Your credit utilization ratio is the amount of revolving credit you are using now divided by your total amount of revolving credit. Sometimes, people refer to this as a credit utilization ratio. Generally, this ratio is expressed as a percentage.
Let’s say you have two credit cards with $10,000 available in total. If you have a $5,000 balance on one, then you have a credit utilization rate of 50%.
When calculating your credit score, credit scoring companies will use your credit utilization rate. This number often makes up next to 30% of a credit score, making it one of the most important numbers to look out for.
It is important to keep a low credit utilization rate, as it shows lenders that you don’t need to use all of your available credit. High credit utilization rates show lenders that you might be overspending, which can lower your credit score.
Understanding Revolving Credit
Revolving credit is the only type of credit that goes into a credit utilization ratio. Lines of credit and credit cards are types of revolving credit. Mortgages, auto loans, or installment loans, are not part of this ratio.
They call it “revolving credit” because the amount of credit you carry changes and carries over from month to month. There is no end date that is pre-determined. You borrow against your credit limit every month. Each time you borrow, you reduce the amount of credit that is available to you.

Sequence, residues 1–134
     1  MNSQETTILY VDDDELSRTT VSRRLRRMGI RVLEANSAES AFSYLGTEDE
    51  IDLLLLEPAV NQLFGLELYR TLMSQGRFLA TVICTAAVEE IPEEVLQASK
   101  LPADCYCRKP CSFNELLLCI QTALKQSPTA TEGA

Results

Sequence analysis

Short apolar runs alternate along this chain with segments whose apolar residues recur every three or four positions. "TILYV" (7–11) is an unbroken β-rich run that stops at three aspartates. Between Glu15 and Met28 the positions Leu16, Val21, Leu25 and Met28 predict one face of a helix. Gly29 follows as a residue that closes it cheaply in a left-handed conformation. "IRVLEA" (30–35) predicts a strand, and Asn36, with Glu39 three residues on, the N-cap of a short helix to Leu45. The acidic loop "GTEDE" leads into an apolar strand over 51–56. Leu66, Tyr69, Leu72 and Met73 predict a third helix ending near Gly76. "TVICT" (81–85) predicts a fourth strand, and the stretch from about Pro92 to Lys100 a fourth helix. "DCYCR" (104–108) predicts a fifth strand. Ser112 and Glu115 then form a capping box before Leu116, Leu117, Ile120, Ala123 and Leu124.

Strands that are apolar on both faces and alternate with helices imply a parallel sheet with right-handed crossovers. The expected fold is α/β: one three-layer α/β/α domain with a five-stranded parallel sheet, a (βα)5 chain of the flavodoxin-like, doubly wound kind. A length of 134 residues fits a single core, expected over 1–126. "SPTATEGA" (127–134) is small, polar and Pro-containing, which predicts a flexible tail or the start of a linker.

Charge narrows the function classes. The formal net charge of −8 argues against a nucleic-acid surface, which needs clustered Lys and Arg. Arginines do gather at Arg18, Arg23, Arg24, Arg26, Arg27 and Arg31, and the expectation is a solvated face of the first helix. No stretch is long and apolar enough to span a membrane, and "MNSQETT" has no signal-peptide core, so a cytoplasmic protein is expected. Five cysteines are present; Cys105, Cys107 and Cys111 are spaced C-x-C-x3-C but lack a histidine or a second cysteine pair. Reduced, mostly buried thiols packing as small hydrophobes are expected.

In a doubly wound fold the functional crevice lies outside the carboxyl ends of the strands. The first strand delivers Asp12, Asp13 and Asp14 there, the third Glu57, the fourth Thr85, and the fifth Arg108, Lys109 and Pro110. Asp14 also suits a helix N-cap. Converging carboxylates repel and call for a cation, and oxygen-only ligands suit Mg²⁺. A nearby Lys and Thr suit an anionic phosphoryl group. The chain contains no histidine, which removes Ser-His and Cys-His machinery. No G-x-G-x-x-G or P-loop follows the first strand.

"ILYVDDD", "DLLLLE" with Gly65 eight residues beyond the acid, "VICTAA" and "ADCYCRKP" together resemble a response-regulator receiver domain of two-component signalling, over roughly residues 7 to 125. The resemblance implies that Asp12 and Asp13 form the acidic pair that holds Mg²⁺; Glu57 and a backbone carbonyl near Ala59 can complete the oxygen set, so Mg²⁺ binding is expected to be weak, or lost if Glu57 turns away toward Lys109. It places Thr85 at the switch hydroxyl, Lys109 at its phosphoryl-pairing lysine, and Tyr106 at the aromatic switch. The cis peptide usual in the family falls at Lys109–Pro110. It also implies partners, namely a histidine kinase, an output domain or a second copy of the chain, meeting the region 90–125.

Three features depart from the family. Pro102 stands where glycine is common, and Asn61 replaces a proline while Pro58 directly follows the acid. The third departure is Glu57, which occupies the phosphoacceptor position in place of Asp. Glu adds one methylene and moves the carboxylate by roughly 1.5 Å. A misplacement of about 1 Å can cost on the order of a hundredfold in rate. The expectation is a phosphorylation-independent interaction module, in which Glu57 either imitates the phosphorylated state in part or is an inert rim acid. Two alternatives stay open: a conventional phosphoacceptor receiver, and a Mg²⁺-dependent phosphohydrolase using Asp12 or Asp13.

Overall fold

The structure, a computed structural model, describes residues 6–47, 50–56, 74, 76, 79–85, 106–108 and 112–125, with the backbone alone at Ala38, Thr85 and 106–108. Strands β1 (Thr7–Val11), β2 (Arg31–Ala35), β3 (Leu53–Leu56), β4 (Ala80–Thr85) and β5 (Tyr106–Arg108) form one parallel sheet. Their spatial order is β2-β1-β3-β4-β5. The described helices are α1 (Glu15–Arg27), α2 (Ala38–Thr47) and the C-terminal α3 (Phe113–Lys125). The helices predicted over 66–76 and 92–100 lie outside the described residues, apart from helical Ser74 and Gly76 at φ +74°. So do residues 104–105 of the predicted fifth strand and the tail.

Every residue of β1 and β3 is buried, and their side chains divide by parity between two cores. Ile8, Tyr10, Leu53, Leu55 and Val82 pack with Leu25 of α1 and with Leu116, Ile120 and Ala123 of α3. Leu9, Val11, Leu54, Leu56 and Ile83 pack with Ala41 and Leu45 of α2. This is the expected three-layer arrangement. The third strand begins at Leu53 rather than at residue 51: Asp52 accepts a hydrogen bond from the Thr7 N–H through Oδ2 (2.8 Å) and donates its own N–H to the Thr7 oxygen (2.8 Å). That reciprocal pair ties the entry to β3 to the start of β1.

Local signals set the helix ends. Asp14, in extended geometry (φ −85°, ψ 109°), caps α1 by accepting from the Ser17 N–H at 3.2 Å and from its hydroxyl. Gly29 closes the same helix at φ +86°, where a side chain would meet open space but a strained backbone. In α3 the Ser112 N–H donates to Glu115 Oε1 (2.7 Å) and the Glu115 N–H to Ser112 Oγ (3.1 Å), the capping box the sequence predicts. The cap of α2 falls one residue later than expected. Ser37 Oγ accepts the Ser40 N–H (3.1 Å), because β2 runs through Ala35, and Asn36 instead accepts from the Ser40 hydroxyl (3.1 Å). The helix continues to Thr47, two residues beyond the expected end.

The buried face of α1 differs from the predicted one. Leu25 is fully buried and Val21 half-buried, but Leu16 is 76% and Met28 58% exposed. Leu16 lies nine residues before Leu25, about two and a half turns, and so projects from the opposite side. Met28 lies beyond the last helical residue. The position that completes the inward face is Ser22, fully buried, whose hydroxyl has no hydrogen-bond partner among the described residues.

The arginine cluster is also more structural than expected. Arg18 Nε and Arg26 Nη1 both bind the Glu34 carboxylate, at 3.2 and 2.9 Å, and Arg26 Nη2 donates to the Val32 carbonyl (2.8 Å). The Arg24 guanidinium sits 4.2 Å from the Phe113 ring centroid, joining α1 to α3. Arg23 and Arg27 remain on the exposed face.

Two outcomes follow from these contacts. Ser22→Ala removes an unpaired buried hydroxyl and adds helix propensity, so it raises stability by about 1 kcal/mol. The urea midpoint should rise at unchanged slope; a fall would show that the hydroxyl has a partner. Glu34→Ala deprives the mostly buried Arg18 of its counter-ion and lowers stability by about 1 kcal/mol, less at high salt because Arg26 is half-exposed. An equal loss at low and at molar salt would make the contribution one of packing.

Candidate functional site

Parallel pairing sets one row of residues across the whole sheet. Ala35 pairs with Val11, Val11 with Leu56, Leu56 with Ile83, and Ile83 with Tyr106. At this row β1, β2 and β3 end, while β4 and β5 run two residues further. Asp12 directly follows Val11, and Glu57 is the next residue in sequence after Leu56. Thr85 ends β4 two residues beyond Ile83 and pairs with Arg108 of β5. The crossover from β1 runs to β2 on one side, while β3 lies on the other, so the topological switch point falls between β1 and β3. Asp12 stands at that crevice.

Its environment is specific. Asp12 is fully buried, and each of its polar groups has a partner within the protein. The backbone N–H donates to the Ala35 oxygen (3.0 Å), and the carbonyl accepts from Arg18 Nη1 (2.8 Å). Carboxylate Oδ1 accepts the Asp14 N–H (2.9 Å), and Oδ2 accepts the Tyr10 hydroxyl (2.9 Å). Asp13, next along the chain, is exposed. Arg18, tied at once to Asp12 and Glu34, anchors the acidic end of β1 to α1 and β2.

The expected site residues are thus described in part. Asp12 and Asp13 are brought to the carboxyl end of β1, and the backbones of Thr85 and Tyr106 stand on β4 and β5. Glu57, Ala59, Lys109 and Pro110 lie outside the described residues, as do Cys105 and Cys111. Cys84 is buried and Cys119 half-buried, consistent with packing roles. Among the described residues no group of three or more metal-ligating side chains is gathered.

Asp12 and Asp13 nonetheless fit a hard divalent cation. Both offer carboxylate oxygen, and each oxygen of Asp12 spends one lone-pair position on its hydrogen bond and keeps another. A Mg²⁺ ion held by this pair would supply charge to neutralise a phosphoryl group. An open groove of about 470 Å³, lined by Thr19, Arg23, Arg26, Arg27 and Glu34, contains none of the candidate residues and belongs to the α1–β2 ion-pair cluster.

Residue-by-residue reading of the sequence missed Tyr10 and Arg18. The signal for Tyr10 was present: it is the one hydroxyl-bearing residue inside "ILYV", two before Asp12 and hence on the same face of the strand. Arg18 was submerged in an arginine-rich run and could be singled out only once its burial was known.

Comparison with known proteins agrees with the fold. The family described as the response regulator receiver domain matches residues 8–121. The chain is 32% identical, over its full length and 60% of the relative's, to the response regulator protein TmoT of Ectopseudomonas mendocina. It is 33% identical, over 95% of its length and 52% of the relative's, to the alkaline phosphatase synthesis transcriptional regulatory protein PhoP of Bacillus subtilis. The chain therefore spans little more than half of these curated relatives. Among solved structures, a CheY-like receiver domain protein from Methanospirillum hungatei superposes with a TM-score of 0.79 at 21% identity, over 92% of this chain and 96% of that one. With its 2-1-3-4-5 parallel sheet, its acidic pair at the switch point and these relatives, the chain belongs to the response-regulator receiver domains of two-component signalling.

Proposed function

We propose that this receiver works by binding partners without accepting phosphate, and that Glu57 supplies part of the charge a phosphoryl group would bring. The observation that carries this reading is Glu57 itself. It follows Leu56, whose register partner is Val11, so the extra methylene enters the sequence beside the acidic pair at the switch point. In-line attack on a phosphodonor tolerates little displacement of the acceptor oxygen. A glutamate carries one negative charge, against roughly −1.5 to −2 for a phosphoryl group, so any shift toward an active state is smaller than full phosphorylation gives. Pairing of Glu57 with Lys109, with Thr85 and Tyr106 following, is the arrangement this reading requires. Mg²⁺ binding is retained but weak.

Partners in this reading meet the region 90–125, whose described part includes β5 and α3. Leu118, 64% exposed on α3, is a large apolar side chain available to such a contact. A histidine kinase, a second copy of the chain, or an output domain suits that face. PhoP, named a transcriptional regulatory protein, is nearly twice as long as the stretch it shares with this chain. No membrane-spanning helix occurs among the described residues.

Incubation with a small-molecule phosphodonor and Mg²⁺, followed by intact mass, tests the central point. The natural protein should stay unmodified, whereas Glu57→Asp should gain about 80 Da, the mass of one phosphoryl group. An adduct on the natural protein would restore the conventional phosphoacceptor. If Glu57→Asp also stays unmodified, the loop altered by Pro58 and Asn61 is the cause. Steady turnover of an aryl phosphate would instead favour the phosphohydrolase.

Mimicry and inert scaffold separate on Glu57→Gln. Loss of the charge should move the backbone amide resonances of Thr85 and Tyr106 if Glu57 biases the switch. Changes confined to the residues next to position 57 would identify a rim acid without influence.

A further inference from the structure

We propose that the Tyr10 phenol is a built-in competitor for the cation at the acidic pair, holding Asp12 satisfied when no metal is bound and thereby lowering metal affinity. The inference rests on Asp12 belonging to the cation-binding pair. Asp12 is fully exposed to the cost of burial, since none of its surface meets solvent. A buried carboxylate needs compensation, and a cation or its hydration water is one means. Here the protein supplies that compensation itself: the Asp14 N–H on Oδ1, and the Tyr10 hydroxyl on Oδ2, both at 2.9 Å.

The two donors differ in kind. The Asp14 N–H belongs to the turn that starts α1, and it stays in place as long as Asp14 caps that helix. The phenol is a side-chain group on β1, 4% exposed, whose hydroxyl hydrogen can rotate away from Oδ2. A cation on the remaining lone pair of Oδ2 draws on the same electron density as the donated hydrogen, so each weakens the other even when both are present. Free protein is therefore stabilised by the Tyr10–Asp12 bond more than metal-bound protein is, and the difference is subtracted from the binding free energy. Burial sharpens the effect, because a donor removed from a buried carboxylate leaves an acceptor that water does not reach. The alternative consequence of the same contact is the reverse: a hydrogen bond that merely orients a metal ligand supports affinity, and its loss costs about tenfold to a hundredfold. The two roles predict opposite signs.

The important thing is that you don’t reach your credit limit and continue making on-time payments to make sure that your account stays in good standing. You also need to keep in mind that you’ll pay interest on this credit every month as well. To keep your credit utilization rate low and your interest from accruing, it is important t
o pay off your balance every month in full.
How Does Closing a Credit Card Impact Your Credit Utilization Rate?
Similar to the way that applying for a new credit card can have a negative impact in the short term, closing a credit account can also have a negative impact. Whenever you close your credit account, you reduce your limit overall. Closing a credit account won’t do anything if you don’t owe anything on your credit cards as it is, as your credit utilization rate is already 0.
Connecting My Credit Utilization Rate and My Credit Score
There are many factors that can impact your credit score and your credit utilization rate is just one of them. Keeping it low, however, can have a significant impact and help you maintain a higher score. Of course, increasing your credit score can come from many different actions.
If you’re looking to increase your credit score, get in touch with us here at Personal Tradelines to see what we can do. We’ve helped introduce thousands of customers to the beauty of tradelines, securing positive financial futures. We look forward to hearing from you.